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Why WIPO Does Not Like the UDRP

The World Intellectual Property Organization (WIPO)—the same organization whose head recently equated intellectual property infringement with terrorism—has been pressing ICANN to add domain name monopolies on the names of countries, and the names and acronyms of inter-governmental organizations, into the Uniform Domain Name Dispute-Resolution Policy (UDRP). Despite the fact that no-one but WIPO seems to want these new exclusions, a working group has nonetheless been convened to study their recommendations. This leads to an almost complete divergence of views on the mandate of this group: some feel it should proceed forthwith to proposing implementation of these exclusions by amendment to the UDRP; others feel the recommendation is at odds with ICANN’s mandate, and we should document the lack of consensus and move away.

WIPO doesn’t like the UDRP as it stands, because its claimants must subject themselves to the jurisdiction of national courts. International Government Organizations (IGOs) would prefer international arbitration, where not only can they keep their sovereign immunity, but the procedural and substantive rules differ. But the possibility of appeal to national courts is no minor detail, but part of the balance keeping domain name disputes in check. If UDRP arbitrators, or the ICANN “consensus” veer too far from national laws, they can be corrected by courts.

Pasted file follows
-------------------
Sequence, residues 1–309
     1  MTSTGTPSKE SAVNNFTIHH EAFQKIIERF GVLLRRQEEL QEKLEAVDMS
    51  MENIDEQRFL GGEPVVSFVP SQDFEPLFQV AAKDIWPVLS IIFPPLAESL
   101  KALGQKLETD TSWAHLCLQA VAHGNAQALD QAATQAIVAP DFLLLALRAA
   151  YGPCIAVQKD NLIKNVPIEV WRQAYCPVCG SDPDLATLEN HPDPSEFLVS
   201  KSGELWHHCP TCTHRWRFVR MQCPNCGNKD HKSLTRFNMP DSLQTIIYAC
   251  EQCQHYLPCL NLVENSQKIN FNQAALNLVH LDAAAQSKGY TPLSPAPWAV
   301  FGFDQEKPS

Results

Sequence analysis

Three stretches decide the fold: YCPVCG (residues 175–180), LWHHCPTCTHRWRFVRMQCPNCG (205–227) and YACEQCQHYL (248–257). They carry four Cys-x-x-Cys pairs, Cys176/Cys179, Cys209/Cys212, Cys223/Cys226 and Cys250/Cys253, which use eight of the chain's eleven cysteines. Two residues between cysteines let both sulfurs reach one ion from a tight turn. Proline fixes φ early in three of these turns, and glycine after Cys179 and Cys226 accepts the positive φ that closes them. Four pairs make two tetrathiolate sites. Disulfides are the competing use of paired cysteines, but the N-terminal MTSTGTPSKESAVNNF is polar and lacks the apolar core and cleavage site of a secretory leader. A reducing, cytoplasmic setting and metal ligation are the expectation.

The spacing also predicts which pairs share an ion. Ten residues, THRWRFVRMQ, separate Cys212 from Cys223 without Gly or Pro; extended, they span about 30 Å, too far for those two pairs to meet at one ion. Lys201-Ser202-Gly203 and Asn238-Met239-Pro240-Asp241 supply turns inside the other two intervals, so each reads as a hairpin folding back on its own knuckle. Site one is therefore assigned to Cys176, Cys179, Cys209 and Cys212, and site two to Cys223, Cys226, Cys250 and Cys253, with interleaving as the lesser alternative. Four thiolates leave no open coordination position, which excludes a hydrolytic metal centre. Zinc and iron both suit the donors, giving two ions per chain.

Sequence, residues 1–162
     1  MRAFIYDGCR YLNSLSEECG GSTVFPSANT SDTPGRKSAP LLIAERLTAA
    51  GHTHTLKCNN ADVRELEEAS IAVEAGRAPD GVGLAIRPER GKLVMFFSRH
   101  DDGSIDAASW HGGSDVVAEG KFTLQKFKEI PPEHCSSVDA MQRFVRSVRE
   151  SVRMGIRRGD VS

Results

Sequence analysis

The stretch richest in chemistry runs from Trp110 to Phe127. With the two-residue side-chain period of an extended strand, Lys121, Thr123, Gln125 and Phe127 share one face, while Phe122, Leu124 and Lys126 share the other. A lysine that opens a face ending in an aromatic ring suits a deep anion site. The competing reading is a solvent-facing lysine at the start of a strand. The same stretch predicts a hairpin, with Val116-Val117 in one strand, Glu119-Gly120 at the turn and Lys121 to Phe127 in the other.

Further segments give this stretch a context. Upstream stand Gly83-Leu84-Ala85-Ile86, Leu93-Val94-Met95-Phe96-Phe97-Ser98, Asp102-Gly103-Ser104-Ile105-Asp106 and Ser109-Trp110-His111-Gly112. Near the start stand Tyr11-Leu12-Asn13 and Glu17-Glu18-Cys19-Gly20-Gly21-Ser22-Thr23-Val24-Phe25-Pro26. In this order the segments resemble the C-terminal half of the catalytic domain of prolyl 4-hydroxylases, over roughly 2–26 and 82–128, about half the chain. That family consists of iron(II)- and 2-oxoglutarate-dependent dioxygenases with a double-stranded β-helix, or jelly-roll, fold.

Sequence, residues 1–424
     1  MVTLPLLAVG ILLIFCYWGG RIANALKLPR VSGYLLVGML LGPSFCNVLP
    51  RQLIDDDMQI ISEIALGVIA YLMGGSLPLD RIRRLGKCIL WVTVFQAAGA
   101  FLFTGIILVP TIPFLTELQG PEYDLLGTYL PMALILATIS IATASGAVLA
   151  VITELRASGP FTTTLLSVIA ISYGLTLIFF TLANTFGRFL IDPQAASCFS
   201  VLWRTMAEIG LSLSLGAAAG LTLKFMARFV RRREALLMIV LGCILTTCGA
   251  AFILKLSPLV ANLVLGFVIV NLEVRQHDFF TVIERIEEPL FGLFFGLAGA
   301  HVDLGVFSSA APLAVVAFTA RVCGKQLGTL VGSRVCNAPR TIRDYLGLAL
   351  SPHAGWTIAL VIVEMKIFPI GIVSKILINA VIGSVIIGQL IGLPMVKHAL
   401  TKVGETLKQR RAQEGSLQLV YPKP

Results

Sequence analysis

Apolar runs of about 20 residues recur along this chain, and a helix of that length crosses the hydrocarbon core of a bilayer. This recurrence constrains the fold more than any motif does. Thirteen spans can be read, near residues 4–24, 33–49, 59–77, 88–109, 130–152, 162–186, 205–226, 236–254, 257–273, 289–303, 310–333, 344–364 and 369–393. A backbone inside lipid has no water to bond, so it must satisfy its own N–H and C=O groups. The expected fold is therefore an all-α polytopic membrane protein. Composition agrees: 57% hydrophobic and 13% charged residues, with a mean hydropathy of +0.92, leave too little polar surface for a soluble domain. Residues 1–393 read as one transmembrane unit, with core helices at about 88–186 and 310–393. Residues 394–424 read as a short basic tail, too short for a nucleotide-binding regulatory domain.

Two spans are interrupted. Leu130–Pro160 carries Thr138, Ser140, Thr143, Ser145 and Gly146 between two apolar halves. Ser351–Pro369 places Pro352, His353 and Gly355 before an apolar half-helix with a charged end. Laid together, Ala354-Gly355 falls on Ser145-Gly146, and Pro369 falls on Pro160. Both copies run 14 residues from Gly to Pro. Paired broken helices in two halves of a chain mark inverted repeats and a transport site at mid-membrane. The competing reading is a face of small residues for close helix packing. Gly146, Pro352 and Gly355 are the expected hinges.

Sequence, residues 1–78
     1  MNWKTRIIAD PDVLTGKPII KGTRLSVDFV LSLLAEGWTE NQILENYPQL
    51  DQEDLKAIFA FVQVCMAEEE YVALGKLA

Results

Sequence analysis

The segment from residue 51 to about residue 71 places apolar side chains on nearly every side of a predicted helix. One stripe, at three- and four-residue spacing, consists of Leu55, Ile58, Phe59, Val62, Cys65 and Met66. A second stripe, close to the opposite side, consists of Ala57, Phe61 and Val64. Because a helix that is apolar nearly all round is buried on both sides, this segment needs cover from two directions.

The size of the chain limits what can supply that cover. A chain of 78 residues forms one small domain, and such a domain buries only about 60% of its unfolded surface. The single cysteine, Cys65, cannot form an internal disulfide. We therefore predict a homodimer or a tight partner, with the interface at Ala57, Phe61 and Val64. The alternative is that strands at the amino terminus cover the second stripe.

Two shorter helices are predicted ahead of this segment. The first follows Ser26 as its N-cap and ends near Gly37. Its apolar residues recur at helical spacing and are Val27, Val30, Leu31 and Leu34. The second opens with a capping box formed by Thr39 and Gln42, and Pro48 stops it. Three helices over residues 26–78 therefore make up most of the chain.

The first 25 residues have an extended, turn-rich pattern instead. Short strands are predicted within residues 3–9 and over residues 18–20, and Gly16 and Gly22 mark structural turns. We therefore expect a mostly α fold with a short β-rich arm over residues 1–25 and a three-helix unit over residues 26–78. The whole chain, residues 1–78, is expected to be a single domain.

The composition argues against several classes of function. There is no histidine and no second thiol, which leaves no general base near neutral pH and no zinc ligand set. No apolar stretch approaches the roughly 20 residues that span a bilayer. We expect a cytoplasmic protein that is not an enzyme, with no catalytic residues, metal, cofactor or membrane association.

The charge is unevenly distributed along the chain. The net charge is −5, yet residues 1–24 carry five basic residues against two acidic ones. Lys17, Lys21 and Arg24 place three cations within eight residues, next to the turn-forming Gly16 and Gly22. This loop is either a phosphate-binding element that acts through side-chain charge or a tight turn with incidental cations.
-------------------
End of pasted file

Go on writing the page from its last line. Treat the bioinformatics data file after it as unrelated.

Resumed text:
Rather than demanding the public’s exclusion from a range of names and acronyms (think bone china, india ink, and WHO, for starters, not to mention the jokers at GATT.org), countries and IGOs could use names that are unambiguously theirs—the .int top-level domain, and as many names as they want in their own country-code top-level domains (ccTLDs. Let these few use unique TLDs as a sort of seal of authenticity, rather than limiting the speech opportunities of people using all the rest.

By Wendy Seltzer, Law professor

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George Kirikos  –  Dec 5, 2003 9:39 PM

Well said, Wendy. Their modifications of UDRP would amount to expropriation without compensation.

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